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posted: 5/9/2014 1:01 AM

Editorial: Lombard did the right thing, but needs a policy

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  • Hopefully, with some good planning, the focus for next year's Lilac Time festival will be more on the lilacs.

      Hopefully, with some good planning, the focus for next year's Lilac Time festival will be more on the lilacs.

 
The Daily Herald Editorial Board

One of the surest signs of spring for 85 years in the suburbs has been Lilac Time, Lombard's annual festival celebrating the beauty of the lilacs that blanket Lilacia Park.

But this year, the festival was soured by controversy -- one that could have been avoided with some forethought.

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As bucolic as Lilacia Park is in the springtime, don't confuse Lombard with Mayberry, where the biggest disagreements seemed to center on who puts up the best pickles for the county fair.

Politics this year put one of the highlights of Lilac Time -- the coronation of the Lilac Queen and her court -- in the cross hairs.

Two days before the queen and court were to be announced, a pair of trustees questioned why one of the five princesses -- the daughter of a village trustee -- would get a $1,000 scholarship. The scholarships, given annually to the princesses, have been funded by the village's hotel/motel tax for 14 years.

The Lombard Junior Women's Club sponsors the Princess competition. Penny Chanez, the president of the club, told Daily Herald staff writer Jessica Cilella that 20 to 30 young women who range in age from 16 to 21 apply each year to compete. They are judged based on their poise and grace and answers to interview questions posed by people who live outside of the community. The contestants' last names are not disclosed to the judges.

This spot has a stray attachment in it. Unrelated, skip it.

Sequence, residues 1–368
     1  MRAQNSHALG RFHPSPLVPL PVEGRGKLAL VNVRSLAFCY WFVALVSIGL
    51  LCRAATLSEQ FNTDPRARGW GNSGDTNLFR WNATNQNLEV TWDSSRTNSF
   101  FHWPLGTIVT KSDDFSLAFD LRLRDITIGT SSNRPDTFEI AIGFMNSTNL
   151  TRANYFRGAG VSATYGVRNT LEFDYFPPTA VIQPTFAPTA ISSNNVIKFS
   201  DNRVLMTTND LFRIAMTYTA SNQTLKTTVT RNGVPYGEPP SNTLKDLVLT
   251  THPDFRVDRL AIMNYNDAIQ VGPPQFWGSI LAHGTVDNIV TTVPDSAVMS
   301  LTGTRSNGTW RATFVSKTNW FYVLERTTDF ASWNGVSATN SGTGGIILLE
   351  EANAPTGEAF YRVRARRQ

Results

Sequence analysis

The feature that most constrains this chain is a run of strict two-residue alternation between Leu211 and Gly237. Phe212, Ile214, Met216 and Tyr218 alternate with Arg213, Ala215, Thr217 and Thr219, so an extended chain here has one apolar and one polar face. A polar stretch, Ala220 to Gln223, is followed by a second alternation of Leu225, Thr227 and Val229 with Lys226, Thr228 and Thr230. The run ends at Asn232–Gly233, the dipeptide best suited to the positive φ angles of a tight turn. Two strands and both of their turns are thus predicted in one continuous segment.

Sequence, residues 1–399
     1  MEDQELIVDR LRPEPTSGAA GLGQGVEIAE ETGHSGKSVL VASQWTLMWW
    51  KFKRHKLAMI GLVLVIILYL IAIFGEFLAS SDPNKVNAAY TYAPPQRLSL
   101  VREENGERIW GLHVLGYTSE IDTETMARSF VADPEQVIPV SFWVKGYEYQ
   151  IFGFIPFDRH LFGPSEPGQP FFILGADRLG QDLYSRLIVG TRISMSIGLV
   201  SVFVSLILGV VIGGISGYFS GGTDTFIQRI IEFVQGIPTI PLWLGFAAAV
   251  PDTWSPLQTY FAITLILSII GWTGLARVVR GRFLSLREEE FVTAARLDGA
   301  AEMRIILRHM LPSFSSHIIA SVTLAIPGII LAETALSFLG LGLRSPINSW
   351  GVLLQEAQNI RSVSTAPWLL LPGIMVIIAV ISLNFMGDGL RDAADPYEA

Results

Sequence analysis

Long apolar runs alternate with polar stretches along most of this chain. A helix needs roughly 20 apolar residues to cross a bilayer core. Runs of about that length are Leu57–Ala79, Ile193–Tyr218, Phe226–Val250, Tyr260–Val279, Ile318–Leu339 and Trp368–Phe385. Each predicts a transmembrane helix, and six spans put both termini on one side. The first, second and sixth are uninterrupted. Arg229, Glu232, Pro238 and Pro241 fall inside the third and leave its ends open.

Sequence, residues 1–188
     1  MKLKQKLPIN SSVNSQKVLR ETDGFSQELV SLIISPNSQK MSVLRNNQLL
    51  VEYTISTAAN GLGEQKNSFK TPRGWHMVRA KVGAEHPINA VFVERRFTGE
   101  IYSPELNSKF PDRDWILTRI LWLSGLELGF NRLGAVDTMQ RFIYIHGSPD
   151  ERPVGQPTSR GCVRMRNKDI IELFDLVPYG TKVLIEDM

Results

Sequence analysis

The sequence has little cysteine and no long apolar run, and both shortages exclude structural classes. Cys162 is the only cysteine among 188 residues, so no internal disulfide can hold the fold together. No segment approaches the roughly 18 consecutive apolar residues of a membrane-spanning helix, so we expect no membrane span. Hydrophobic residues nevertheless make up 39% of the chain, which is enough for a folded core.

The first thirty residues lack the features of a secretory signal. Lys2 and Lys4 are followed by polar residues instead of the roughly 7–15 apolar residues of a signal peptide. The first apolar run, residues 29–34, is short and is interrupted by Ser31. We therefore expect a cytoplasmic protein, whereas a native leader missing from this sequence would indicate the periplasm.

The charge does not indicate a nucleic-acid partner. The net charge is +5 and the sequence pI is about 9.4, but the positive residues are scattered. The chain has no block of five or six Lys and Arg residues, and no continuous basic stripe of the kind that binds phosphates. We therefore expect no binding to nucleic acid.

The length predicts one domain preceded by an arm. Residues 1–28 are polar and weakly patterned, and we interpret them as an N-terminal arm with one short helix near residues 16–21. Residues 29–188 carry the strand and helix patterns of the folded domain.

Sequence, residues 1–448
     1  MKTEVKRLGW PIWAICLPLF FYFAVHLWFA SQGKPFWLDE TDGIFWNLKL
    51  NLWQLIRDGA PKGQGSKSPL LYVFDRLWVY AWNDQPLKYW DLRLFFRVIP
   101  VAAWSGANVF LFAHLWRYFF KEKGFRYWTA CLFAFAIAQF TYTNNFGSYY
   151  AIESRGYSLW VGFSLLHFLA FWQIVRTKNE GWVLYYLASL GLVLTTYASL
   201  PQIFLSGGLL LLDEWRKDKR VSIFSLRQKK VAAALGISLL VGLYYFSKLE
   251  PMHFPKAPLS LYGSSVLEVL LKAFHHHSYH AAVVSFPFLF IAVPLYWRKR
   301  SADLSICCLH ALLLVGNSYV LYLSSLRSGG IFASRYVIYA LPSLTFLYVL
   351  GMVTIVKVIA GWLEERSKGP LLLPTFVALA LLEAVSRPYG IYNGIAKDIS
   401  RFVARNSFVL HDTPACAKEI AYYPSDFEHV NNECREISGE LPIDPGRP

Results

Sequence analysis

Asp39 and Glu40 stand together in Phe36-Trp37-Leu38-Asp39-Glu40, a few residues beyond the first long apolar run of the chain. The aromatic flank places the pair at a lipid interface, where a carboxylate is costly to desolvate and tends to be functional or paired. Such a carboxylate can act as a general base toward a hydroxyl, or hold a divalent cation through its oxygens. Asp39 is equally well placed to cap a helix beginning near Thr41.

Trustees Peter Breen and Laura Fitzpatrick said they felt it would be a conflict of interest if 17-year-old Morgan Fugiel, daughter of Trustee Mike Fugiel, were to receive a scholarship. Breen cited the need for governmental transparency.

Fitzpatrick noted that the village board decided less than two years ago that the village would not buy food from Village President Keith Giagnorio's pizzeria. "I feel it is morally wrong to accept personal gain from the village," she said before the board voted 4-2 to award the scholarship to Morgan.

Giagnorio, who says he is angry over this episode, pledges to have the board take a look at its policies.

"I can't help but think what Morgan Fugiel is thinking, what she's gone through," the mayor said. "I have a daughter. I can only imagine. I am embarrassed for that."

That's understandable. It needn't have come to this, but Breen and Fitzpatrick do have a point.

In the same way that good fences make good neighbors, well thought-out policies take some of the politics out of government. In the absence of policy, this sort of thing occurs. In this case, the village board did the only honorable thing in refusing to withhold Morgan's scholarship. She should not be made a political scapegoat.

But the village board -- and boards long before this one -- needs to have a set of rules in place to deal with potential conflicts of interest such as this. Giagnorio obviously recognizes this, noting both the problem in appearance -- justified or not -- when giving a $1,000 scholarship award to the daughter of a village trustee and the need to revisit the policy that allows it.

He's also right that it was unfortunate to bring this up two days before the start of an event that's a highlight of the spring not just for Lombard but for the entire region. The timing was terrible. But the issue is legitimate and needs to be addressed.

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